The following is an excerpt from a work in progress tentatively titled “The Cloud” by S. D. Scott, and is therefore protected by copyright. Please do not steal my ideas, thanks.
Nobody was sure where the Cloud had come from. Officially, it was the Austin Non-Euclidean Regional Anomaly, but everyone just called it the Cloud. Some scientists said it was a hole in the universe, slowly spreading out until it reached equilibrium, leaving chaos in its wake. The more histrionic religious leaders claimed it was the Mouth of Hell, Satan’s beachhead against the armies of the Righteous. The paranoid fringe claimed it was a military experiment gone wrong, or some new terrorist weapon designed to wipe our cities off the map. I really had no opinion on the matter, but what everyone agreed on was that under the Cloud, the world didn’t work in the same way as it did everywhere else.
Scientists had tried to measure it. If their probes worked at all, they registered conflicting information before failing completely; after all, it’s impossible for something to be both two hundred degrees above and below zero at the same time. Gravity didn’t always work the way it should either: There were areas under the Cloud where you could walk on air, and other zones where someone nudging a foot across the line would pull back a crushed, mangled stump.
When the Cloud formed over the downtown area of Austin, Texas two years ago, a lot of people died. Others, mostly those on the outskirts of the Cloud as it formed, managed to escape - although not all of them were unscathed by their experience. Many were still in therapy, and not a few were now long-term residents at various state mental hospitals.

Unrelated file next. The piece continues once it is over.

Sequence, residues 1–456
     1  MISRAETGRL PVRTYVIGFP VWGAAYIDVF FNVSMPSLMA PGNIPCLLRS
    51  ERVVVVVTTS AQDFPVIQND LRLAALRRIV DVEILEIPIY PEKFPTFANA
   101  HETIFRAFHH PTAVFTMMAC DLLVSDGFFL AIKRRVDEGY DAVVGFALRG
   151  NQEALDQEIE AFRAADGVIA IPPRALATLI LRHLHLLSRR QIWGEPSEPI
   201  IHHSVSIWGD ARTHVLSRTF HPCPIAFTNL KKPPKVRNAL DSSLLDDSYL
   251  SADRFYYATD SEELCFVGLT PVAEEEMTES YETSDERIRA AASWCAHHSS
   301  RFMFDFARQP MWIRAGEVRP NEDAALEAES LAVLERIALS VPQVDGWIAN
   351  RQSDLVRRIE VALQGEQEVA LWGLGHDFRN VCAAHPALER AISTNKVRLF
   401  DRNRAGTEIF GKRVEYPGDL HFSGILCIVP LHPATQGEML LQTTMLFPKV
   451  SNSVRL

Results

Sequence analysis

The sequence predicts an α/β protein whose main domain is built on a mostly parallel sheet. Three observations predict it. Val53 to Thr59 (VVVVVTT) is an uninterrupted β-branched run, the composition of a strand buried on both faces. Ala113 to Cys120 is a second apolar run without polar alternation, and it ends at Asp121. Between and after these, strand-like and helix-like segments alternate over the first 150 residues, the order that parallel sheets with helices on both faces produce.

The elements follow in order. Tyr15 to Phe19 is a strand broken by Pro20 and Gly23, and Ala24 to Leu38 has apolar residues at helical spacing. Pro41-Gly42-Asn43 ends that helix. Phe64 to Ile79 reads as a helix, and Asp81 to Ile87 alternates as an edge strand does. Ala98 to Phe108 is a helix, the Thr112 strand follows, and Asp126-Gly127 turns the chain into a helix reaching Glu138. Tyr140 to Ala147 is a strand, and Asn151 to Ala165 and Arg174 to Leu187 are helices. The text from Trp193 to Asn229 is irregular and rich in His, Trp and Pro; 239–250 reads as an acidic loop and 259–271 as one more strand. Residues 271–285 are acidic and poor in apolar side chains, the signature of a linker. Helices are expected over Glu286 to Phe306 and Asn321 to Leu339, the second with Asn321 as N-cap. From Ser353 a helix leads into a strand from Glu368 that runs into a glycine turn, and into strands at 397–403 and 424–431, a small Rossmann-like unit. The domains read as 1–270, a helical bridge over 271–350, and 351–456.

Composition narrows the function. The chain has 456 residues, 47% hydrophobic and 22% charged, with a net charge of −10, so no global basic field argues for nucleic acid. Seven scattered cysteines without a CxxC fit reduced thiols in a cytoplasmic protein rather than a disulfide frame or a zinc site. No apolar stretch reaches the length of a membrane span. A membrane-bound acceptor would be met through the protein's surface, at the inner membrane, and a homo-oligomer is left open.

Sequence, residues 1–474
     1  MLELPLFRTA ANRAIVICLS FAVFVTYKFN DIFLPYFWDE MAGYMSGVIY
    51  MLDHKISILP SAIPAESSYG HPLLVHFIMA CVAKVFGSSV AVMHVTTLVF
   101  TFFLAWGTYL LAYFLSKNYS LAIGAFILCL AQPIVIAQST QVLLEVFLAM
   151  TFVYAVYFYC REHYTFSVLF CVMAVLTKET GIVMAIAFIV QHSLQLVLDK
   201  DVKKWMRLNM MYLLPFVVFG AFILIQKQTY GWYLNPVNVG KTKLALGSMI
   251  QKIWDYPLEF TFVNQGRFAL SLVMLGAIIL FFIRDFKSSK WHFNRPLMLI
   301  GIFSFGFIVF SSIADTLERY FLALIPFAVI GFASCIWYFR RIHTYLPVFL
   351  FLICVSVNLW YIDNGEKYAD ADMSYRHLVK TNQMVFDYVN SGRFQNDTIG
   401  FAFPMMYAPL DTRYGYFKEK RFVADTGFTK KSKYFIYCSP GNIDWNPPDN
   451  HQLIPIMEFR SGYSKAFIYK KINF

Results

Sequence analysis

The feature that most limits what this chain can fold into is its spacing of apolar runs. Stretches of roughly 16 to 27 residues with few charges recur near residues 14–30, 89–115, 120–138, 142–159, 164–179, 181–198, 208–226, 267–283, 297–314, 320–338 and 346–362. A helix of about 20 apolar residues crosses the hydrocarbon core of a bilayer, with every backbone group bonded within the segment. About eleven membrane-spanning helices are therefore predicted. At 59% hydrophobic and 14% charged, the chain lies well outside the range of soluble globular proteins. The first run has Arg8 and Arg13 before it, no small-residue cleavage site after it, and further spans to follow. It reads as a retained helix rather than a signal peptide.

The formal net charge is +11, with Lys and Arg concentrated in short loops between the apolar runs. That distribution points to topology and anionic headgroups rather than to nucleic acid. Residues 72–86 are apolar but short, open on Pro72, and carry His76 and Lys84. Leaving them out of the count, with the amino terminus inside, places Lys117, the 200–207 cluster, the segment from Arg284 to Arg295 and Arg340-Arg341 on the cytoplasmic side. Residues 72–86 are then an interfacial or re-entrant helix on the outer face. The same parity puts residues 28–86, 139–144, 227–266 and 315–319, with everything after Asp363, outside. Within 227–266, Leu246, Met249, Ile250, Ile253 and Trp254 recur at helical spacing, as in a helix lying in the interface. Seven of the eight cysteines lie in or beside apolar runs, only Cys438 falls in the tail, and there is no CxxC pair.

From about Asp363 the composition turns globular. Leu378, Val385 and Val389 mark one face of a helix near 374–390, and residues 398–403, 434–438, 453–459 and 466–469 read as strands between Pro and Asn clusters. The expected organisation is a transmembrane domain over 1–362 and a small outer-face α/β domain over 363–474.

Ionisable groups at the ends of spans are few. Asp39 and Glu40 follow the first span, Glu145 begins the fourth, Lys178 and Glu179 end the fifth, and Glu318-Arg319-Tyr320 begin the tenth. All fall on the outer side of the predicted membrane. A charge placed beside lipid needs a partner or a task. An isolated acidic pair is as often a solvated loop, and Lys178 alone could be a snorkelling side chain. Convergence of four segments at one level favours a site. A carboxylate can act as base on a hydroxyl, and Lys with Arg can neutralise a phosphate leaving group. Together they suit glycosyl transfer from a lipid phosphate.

My wife Diane hadn’t emerged at all. She worked in the Frost Tower downtown, near the center of the anomaly, and had just called me to discuss dinner plans when the vapors of the Cloud erupted into the air; black and somehow oily and gritty at once, with flashes of red and green lightning crackling along hilights of a violet-blue un-light. It had spread quickly from the university area just north of downtown and I remember Diane’s last words to me, stating that it looked like it was going to rain just before the line went dead with an electronic screech that almost sounded like a piteous keening.
Searches for survivors in the five-mile radius of the anomaly had been futile; nobody that went beyond the Border and further into the Cloud returned whole, if at all. No one that had been closer than three miles from the center of the event had come out at all. The entire area had been declared a no-go zone by FEMA, and armed guards patrolled the Border although it wasn’t entirely certain if they were there to keep people out or keep something else in.
I had given up hope of ever hearing Diane’s voice again, much less seeing her. You can therefore imagine my utter astonishment when, one night after a solitary dinner of beer and cheap Chinese take-out, my cellphone rang with Diane’s number on the caller ID.